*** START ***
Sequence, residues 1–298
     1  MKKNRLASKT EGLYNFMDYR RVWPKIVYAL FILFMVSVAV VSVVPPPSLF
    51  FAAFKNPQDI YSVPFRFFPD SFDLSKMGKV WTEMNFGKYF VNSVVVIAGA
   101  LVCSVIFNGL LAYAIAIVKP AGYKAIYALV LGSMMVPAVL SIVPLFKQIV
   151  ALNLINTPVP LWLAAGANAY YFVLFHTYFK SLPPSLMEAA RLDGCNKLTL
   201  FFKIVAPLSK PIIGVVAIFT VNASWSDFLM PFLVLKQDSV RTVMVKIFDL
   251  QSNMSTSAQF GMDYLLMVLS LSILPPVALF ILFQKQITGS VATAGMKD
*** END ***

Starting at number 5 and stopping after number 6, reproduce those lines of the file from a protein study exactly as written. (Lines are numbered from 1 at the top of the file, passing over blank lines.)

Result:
   151  ALNLINTPVP LWLAAGANAY YFVLFHTYFK SLPPSLMEAA RLDGCNKLTL
   201  FFKIVAPLSK PIIGVVAIFT VNASWSDFLM PFLVLKQDSV RTVMVKIFDL